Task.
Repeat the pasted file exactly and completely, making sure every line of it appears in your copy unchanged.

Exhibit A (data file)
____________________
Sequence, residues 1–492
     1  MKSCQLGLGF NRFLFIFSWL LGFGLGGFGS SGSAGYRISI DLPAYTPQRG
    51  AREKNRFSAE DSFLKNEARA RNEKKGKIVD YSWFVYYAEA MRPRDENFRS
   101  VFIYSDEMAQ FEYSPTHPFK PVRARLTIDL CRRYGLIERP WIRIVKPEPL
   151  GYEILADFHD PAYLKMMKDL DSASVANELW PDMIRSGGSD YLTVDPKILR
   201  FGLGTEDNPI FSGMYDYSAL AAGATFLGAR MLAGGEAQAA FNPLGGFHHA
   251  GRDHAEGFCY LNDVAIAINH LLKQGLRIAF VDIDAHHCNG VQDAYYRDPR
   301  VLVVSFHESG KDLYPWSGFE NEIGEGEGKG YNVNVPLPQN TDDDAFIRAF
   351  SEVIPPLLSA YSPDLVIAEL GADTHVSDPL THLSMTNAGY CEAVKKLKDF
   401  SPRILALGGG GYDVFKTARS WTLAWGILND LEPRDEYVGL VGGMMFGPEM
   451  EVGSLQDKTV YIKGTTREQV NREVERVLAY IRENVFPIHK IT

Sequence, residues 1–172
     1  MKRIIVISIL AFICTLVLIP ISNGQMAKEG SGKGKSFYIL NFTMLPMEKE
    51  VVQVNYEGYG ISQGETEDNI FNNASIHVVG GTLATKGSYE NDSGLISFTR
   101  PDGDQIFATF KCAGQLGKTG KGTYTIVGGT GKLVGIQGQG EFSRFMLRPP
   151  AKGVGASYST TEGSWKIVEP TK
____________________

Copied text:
Sequence, residues 1–492
     1  MKSCQLGLGF NRFLFIFSWL LGFGLGGFGS SGSAGYRISI DLPAYTPQRG
    51  AREKNRFSAE DSFLKNEARA RNEKKGKIVD YSWFVYYAEA MRPRDENFRS
   101  VFIYSDEMAQ FEYSPTHPFK PVRARLTIDL CRRYGLIERP WIRIVKPEPL
   151  GYEILADFHD PAYLKMMKDL DSASVANELW PDMIRSGGSD YLTVDPKILR
   201  FGLGTEDNPI FSGMYDYSAL AAGATFLGAR MLAGGEAQAA FNPLGGFHHA
   251  GRDHAEGFCY LNDVAIAINH LLKQGLRIAF VDIDAHHCNG VQDAYYRDPR
   301  VLVVSFHESG KDLYPWSGFE NEIGEGEGKG YNVNVPLPQN TDDDAFIRAF
   351  SEVIPPLLSA YSPDLVIAEL GADTHVSDPL THLSMTNAGY CEAVKKLKDF
   401  SPRILALGGG GYDVFKTARS WTLAWGILND LEPRDEYVGL VGGMMFGPEM
   451  EVGSLQDKTV YIKGTTREQV NREVERVLAY IRENVFPIHK IT

Sequence, residues 1–172
     1  MKRIIVISIL AFICTLVLIP ISNGQMAKEG SGKGKSFYIL NFTMLPMEKE
    51  VVQVNYEGYG ISQGETEDNI FNNASIHVVG GTLATKGSYE NDSGLISFTR
   101  PDGDQIFATF KCAGQLGKTG KGTYTIVGGT GKLVGIQGQG EFSRFMLRPP
   151  AKGVGASYST TEGSWKIVEP TK